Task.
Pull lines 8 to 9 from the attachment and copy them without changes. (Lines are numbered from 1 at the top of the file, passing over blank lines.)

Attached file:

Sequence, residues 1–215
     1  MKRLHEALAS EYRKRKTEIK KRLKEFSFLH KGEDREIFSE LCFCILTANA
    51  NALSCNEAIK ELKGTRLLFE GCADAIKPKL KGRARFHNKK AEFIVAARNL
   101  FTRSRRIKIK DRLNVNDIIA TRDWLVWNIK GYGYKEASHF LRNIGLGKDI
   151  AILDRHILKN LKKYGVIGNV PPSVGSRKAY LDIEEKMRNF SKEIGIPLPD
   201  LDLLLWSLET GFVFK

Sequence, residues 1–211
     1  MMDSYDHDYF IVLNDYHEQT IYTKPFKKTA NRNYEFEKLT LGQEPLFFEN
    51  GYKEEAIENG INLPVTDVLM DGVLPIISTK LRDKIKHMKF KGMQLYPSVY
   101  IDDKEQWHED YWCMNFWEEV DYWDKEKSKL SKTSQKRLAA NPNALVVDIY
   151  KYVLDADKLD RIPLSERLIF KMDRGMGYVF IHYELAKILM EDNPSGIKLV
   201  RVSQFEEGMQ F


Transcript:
     1  MMDSYDHDYF IVLNDYHEQT IYTKPFKKTA NRNYEFEKLT LGQEPLFFEN
    51  GYKEEAIENG INLPVTDVLM DGVLPIISTK LRDKIKHMKF KGMQLYPSVY